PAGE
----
-Being in an actual relationship where you talk about your feelings in a healthy manner??? To the other person???????

-Eating enough protein

-Assembling a somewhat acceptable adult wardrobe when you have zero dollars

-Going on adventures without starting to smell

-How sex is supposed to feel, but, like, actually though

By the end of the book—a mash-up of essays, lists, and artwork—you'll have learned not only how to dress yourself, how to travel alone, how to talk to strangers online, and how to date strangers (in PERSON!), but also how to pass as a real, functioning, appropriately socialized adult

It feels like a lot of Arden Rose's Almost Adulting is about doing what's best for you, really being you but in a responsible way where you still pay your traffic tickets and eat more than Oreos. The book covers things from decorating your apartment to online dating to sex and more.

The strongest parts of this book the beginning and the end where the author is not only helping readers to understand what is a smart way of doing something (keeping your apartment clean, for example) but also providing some ways of actually accomplishing that (change your sheets x often, etc). These more specific ideas keep Almost Adulting from just being another person/book/thing/whatever telling you what you should be doing. (Most who aren't cleaning enough or buying the right things at the store aren't not doing it simply because no one's ever suggested they should. It's about knowing how to go about it.)

The middle of the book seems to lose some of these more specific, helpful bits and feels more specific to the author's life. It focuses more on Arden Rose's life: meeting her boyfriend, the beginnings of their relationship and doesn't seem to cover as much or advise as broadly.

I do think that Almost Adulting has a certain kind of adult (or almost adult) in mind and is geared more towards that person. It seems to best fit someone who had/has supportive parents, who was - at least - relatively financially secure, who is employed, and generally healthy (both physically and mentally). It is still relevant to others but seems to apply most to someone like that. (The author does discuss her mental health and the issues she's faced but sentences like, "Ir's time to understand that you determine yow your body and mind operate at any given time based on what you're fueling it with." [pg 17] are why I say this.)

Almost Adulting covers things you might, technically, already know (eat well, keep things clean, etc) but does a nice job giving some specific ideas for everything from decorating your apartment to finding the right birth control. Whether you're familiar with Arden Rose from YouTube or not (I was not), if you're looking to adult (or just know how), you might want to check out Almost Adulting: All You Need to Know to Get it Together (Sort Of).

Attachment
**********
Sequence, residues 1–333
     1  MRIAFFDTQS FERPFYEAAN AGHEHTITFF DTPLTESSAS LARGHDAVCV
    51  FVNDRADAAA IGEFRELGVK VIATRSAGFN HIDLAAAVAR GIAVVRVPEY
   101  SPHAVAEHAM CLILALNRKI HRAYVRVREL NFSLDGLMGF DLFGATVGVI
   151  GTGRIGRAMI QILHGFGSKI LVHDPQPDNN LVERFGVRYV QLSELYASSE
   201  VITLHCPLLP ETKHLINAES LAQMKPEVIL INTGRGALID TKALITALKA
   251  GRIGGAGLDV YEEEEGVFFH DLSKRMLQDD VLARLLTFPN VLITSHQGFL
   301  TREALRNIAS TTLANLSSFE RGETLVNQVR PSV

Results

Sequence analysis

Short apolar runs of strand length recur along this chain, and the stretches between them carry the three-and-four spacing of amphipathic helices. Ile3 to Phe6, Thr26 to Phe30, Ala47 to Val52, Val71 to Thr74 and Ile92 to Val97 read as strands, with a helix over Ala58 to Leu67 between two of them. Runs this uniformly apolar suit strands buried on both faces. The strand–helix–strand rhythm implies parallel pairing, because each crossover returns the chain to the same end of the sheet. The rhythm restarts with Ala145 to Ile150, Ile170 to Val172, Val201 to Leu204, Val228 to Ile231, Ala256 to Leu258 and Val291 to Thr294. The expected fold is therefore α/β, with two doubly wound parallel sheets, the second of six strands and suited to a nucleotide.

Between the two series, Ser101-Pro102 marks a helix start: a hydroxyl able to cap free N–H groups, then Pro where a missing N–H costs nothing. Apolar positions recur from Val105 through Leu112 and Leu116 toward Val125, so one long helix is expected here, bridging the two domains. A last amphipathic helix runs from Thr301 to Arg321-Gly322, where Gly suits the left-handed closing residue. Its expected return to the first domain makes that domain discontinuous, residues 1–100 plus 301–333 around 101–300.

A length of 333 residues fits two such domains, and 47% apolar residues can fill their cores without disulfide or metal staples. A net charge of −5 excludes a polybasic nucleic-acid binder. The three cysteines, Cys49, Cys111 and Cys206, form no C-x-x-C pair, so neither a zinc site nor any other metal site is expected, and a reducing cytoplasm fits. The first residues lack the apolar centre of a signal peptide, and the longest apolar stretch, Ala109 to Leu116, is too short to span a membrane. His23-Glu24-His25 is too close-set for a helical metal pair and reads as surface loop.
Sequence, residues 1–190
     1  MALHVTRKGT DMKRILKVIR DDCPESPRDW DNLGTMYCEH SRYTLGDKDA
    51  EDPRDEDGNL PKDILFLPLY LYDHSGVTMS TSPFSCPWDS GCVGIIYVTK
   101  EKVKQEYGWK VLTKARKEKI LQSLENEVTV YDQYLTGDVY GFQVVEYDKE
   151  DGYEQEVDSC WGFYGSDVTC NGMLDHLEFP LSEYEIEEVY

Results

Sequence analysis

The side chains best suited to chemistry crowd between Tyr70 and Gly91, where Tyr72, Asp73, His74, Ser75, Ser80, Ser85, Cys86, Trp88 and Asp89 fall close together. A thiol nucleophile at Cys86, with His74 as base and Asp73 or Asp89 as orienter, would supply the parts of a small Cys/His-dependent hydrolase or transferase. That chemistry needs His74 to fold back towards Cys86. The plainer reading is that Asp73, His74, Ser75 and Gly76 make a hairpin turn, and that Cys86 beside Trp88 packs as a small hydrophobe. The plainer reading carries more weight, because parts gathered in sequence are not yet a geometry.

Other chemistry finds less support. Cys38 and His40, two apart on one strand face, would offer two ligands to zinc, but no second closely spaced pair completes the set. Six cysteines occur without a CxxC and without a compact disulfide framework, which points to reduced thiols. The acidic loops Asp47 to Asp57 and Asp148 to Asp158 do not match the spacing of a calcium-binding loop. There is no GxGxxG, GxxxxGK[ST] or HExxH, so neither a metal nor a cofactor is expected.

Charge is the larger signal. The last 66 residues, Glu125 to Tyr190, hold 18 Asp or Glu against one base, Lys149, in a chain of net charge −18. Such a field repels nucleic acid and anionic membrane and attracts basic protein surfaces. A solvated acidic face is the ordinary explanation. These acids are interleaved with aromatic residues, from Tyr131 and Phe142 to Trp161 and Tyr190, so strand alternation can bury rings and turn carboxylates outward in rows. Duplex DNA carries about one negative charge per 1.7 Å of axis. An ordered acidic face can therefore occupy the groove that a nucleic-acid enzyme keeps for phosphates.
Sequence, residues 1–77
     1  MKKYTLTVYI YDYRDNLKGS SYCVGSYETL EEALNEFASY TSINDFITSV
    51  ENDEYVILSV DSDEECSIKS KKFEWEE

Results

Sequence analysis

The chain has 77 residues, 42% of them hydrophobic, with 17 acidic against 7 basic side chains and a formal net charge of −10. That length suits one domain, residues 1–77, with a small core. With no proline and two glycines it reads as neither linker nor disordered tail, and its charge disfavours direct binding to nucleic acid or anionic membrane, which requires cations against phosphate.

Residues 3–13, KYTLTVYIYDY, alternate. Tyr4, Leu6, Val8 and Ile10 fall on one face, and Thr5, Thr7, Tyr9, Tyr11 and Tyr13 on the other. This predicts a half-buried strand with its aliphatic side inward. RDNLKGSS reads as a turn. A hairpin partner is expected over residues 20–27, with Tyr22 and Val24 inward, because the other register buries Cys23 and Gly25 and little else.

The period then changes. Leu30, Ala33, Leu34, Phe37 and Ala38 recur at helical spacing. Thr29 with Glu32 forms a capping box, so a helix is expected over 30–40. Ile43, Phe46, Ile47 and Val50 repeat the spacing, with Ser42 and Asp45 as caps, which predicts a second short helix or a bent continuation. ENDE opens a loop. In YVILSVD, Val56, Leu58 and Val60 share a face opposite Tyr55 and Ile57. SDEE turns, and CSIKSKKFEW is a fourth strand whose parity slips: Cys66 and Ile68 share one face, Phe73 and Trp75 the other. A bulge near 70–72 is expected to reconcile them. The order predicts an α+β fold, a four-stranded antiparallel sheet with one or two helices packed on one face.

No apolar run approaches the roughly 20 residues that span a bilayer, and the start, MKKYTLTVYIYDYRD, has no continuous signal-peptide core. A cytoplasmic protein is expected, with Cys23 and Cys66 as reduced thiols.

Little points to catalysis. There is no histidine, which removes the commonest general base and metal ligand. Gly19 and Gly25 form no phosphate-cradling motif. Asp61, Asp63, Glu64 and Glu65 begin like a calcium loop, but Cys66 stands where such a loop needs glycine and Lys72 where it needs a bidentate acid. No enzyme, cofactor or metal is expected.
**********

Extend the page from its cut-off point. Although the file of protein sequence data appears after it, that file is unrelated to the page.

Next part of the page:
(Also? Roasted Brussels Sprouts really are very good, I definitely agree.)

finished copy received, for review, from publisher

Top Ten Tuesday: Authors to Meet

This week's Ten:
Top 10 Authors I Want to Meet 

 Alyxandra Harvey

Jennifer Lynn Barnes

Jeff Zentner

Anna-Marie McLemore

Cat Patrick

Suzanne Young

Annabel Pitcher

Lily Anderson

Mindy McGinnis

& 10 
is reserved for all of those authors I think of just as soon as I finish making this list and realize how much I wanted them included (I'm already at about five)!!

This list is, probably, primarily based on the books these authors have written . . .

Please leave a comment and let me know what authors you're dying to meet - or the ones you can't believe you have met!

Monday, March 27, 2017

A Crown of Wishes ~ Roshani Chokshi (earc) review [@NotRashKnee @StMartinsPress]

A Crown of Wishes (The Star-Touched Queen #2)
St Martin's Griffin
March 28, 2017
352 pages
add to Goodreads/buy from Book Depository/or Amazon

Gauri, the princess of Bharata, has been taken as a prisoner of war by her kingdom’s enemies. Faced with a future of exile and scorn, Gauri has nothing left to lose. Hope unexpectedly comes in the form of Vikram, the cunning prince of a neighboring land and her sworn enemy kingdom. Unsatisfied with becoming a mere puppet king, Vikram offers Gauri a chance to win back her kingdom in exchange for her battle prowess. Together, they’ll have to set aside their differences and team up to win the Tournament of Wishes—a competition held in a mythical city where the Lord of Wealth promises a wish to the victor.

Reaching the tournament is just the beginning. Once they arrive, danger takes on new shapes: poisonous courtesans and mischievous story birds, a feast of fears and twisted fairy revels.

Every which way they turn new trials will test their wit and strength. But what Gauri and Vikram will soon discover is that there’s nothing more dangerous than what they most desire.
A Crown of Wishes is The Star-Touched Queen #2 but it is not exactly a sequel to The Star-Touched Queen. The world is the same and Gauri, like Maya, is from Bharata and like Maya was the Raja's daughter, Gauri is a princess, too. This novel focuses on an eighteen-year-old Gauri, though. there are a few glimpses into and mentions of what happened in The Star-Touched Queen but mostly this is a tale about Gauri - and Vikram.

I loved the world created - or, perhaps, expanded on - in A Crown of Wishes. There is that same magic and fantasy that was introduced in The Star-Touched Queen but now we see different parts and possibilities of it, and through different eyes.

Author Roshani Chokshi has brilliant writing again and descriptions that are unexpected but still help readers to perfectly envision or understand a feeling, character, item, location.